In a sense, cornerback Richard Sherman was merely responding to a Tom Brady audible.
With the Tampa Bay Buccaneers in need of help in the secondary, the legendary quarterback made a call to Seattle to help lure Sherman across the country. The free-agent cornerback, less than three months removed from the lowest moment in his personal life, had brief discussions with the Seattle Seahawks and more involved ones with the San Francisco 49ers about resuming his career. Then came the call from Brady.
“Once he calls,” Sherman said, “it’s like you better come or you’re going to regret not coming.”
Sherman understands regret. He has been receiving counseling since being arrested for an incident at the home of his wife’s parents in Redmond, Wash., in July.
He pleaded not guilty to five misdemeanors: second-degree criminal trespass, malicious mischief in the third degree, resisting arrest, driving while under the influence and reckless endangerment of roadway workers. In a 911 call, his wife told authorities he was drunk and threatening suicide.
It was a stunning development for a face-of-the-franchise player from Dominguez High in Compton, who made the unlikely rise to prominence as a fifth-round pick out of Stanford in 2011 and rounded into a leader of dominant defenses for the Seahawks and 49ers. Although occasionally controversial and bombastic — remember him screaming in Brady’s face after the Seahawks beat New England? — Sherman was widely regarded as a good and community-minded guy off the field, making his personal meltdown even more surprising.
Sherman has begun the arduous process of addressing his issues and piecing his life back together.
“There’s always a silver lining to everything,” Sherman, 33, told reporters this week. “Obviously, it was an unfortunate situation and regrettable. But it led to some really positive changes. Some help. Some therapy. Some tools that I didn’t have before to address some things that you kind of let stack up in your mind.
“You never have time to address them. It’s not the right moment. It’s not the right place in your life to deal with these emotions and feelings. It really forced me to step back and go ask for help and get the help I need, and not be afraid and be [too] proud to ask.”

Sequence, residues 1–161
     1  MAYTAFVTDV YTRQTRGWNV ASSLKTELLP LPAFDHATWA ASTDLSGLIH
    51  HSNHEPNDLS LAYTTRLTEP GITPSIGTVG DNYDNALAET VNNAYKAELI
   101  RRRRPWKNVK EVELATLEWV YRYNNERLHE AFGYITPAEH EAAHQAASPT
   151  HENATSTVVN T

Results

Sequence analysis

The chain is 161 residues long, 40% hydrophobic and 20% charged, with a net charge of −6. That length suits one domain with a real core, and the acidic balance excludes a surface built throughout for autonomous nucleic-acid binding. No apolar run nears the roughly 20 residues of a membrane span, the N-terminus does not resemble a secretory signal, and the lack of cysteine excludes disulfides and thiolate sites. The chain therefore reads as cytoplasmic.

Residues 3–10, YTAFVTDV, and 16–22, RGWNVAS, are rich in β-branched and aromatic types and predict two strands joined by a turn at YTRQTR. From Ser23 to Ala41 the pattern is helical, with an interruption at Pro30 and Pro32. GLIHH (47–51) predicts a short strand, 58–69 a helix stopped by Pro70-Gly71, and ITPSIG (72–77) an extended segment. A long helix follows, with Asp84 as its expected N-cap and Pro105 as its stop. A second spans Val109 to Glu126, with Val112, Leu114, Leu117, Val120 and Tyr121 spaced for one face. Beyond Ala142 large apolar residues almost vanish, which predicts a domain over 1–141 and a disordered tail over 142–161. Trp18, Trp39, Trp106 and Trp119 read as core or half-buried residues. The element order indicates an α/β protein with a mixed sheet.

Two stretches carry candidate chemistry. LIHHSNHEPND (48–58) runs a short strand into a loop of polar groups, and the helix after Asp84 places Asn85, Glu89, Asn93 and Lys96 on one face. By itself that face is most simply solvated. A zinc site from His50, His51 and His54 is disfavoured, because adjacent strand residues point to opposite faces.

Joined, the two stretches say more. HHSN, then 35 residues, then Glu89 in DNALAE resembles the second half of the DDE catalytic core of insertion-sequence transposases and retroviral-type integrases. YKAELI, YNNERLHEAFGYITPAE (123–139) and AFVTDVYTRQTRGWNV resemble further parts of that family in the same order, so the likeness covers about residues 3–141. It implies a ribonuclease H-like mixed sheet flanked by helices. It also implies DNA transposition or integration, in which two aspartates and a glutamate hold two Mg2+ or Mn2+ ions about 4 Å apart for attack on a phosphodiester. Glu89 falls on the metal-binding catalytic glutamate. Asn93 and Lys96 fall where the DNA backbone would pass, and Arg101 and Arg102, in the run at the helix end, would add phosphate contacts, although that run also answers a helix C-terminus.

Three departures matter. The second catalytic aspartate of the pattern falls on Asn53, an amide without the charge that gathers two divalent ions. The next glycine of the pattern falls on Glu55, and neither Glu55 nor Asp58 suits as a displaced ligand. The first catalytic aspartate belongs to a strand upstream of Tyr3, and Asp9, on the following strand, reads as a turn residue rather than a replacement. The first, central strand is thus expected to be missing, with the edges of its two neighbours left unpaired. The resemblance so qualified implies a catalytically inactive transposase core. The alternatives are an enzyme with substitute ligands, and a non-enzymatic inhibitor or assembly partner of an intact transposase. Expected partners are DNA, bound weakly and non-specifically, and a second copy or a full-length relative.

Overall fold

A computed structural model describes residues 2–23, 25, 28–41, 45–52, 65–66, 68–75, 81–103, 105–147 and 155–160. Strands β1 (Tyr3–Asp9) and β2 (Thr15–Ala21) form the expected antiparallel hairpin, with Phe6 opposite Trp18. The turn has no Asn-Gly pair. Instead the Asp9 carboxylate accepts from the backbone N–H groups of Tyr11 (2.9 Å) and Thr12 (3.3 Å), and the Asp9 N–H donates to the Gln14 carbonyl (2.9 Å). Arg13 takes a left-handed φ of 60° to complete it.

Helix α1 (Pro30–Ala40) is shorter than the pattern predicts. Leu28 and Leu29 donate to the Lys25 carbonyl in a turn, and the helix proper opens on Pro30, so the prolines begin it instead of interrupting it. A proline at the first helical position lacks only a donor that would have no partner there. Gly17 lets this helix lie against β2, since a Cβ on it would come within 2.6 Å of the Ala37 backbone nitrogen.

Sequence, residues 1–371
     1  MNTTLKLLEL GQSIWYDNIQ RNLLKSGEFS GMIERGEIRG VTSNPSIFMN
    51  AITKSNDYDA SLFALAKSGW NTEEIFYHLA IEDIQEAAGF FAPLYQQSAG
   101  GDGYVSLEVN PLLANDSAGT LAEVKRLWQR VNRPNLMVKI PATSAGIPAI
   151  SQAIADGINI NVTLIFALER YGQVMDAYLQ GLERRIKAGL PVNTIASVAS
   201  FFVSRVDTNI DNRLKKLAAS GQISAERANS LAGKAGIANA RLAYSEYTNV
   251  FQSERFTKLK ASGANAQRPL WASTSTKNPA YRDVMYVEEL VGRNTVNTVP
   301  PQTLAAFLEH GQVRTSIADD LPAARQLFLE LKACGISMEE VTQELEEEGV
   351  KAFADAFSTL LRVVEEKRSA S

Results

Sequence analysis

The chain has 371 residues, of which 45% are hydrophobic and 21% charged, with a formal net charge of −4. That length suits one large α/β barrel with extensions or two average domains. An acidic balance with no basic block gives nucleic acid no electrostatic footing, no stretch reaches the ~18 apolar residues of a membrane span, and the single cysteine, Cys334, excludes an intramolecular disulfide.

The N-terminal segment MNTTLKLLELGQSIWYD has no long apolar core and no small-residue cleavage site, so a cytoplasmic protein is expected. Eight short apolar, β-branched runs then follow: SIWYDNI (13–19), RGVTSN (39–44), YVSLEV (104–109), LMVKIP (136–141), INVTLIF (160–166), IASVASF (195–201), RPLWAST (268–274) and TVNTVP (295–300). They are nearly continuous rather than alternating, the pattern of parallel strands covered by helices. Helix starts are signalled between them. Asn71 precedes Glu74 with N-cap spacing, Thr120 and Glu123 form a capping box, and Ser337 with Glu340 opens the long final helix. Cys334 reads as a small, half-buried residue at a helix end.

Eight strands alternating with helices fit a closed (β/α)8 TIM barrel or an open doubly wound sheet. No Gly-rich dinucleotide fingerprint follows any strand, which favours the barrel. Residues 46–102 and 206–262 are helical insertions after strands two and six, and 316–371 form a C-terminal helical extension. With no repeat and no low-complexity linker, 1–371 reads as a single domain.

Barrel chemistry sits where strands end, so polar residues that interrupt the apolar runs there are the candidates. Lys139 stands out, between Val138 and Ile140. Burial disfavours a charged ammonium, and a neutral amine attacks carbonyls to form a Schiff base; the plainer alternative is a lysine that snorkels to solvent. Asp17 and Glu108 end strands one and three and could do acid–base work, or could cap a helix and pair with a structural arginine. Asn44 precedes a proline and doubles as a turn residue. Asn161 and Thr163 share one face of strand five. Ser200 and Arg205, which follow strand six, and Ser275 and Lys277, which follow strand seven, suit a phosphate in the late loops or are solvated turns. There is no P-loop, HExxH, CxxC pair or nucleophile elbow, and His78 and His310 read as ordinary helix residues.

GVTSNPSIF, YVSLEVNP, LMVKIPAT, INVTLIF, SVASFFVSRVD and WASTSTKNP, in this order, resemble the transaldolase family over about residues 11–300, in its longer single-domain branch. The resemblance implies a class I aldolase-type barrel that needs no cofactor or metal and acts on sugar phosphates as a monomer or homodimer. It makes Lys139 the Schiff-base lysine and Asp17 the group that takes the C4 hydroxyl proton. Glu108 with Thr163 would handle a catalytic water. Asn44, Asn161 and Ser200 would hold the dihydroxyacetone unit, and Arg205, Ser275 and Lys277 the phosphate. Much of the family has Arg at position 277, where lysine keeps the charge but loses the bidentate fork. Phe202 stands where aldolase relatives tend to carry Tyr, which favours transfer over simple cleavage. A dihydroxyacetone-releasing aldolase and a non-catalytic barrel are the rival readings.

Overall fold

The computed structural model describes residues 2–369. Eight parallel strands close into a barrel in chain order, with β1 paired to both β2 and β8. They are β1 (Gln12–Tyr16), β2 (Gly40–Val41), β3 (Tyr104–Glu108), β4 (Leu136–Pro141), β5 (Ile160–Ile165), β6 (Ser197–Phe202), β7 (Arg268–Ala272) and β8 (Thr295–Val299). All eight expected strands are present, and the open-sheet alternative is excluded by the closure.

He said he’s been flooded with texts and messages from other people, including players, dealing with similar concerns, although he declined to get into specifics about the issues.
“You always feel like you’re alone,” he said. “You always feel like, 'Hey, man, I’m the only one dealing with this. I don’t want to burden anybody else … ’ In the Black community, it’s one of those things that you’re never taught to do, taught to seek counsel, to seek help.
“You always feel like, 'Hey, man, I’ll deal with it. Tough it out. Let’s get on to the next play.’”
Sherman credits his wife, Ashley, with keeping him moving forward both personally and professionally, by staying on track to resume his playing career.
“She’s been a huge part,” he said by phone. “Her support with the kids has been monumental. Just my process and my growth and healing, and also my preparation for this moment, and even the ability for me to fly across the country on this journey with this team.
“My wife was the one who would get me out of the bed when I didn’t feel like getting up, didn’t feel like going to work out, or go run, or going to see the therapist, or going to treatment. She’d be the one who said, 'Get your butt up. Get out of the house.’”
The Buccaneers are glad she did. They need help at cornerback with starter Jamel Dean suffering a knee injury against the Rams last week that will sideline him for Sunday’s game at New England. Although Sherman is unlikely to step right in and play, he should provide depth soon enough.
“He’s got so much to learn, and he hasn’t had pads on in so long,” Tampa Bay coach Bruce Arians said. “But he does know how to play the game.”
Sherman, a five-time Pro Bowl selection and member of the 2010s All-Decade Team, has 36 career interceptions and 115 passes defensed. One of his iconic moments came in his second season when the Patriots played at Seattle, and the Seahawks overcame a 13-point deficit in the fourth quarter to win. As they were walking off the field, Sherman found Brady and screamed, “You mad, bro?” That photo, with the caption “U mad bro?” became a tweet and then a meme.
Of course, that was more pro wrestling than reality, with Sherman and Brady striking up a friendship behind the scenes.
“I think people get confused [by] on-the-field stuff, but we’ve texted over the years and have had a really cool relationship,” said Sherman, whose Seahawks suffered a bitter, last-second defeat to New England in the Super Bowl two years later.
“I always thought it would be really cool to play together if we had the opportunity. It’s crazy how things shake out.”
Said Brady: “I like Richard a lot. I got to know him on that one particular day out there. He was kind of young and brash and excitable. I threw him a pick, that was the problem. I should have never tried him, but I didn’t quite know the scouting report as well as I should have.”
The Buccaneers coaching staff was especially familiar with Sherman, as Arians, offensive coordinator Byron Leftwich and defensive coordinator Todd Bowles all coached the Arizona Cardinals. Until signing with Tampa Bay, Sherman had spent his entire career in the NFC West.
Asked about Brady making a recruiting call, Arians said: “When you want to talk about a veteran player and you want to win a championship and Tom calls you, you’re going to listen, especially knowing the roster we have. I think there are a bunch of veterans out there wishing [Brady] would call them.”
The coach said he was unconcerned about Sherman’s troubles over the summer.
“I’ve known him a long, long time, 10-11 years, so one incident, that doesn’t affect me,” Arians said. “We all make mistakes.”
This story originally appeared in Los Angeles Times.